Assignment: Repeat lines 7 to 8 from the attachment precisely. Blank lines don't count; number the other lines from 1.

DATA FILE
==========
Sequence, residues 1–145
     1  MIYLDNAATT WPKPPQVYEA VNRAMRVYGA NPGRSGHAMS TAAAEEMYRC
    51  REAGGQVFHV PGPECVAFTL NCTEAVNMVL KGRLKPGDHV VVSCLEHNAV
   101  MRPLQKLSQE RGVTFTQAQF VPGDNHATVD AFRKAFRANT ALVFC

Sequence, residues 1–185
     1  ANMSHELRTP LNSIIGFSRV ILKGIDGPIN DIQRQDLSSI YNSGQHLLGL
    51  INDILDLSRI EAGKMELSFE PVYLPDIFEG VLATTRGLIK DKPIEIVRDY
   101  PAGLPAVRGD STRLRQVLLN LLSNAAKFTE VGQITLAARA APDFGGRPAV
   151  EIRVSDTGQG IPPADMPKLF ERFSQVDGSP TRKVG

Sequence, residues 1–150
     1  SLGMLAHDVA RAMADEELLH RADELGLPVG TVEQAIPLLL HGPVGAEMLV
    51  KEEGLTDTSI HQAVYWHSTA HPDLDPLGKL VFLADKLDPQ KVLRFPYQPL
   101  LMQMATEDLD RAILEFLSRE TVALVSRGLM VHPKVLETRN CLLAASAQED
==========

    51  INDILDLSRI EAGKMELSFE PVYLPDIFEG VLATTRGLIK DKPIEIVRDY
   101  PAGLPAVRGD STRLRQVLLN LLSNAAKFTE VGQITLAARA APDFGGRPAV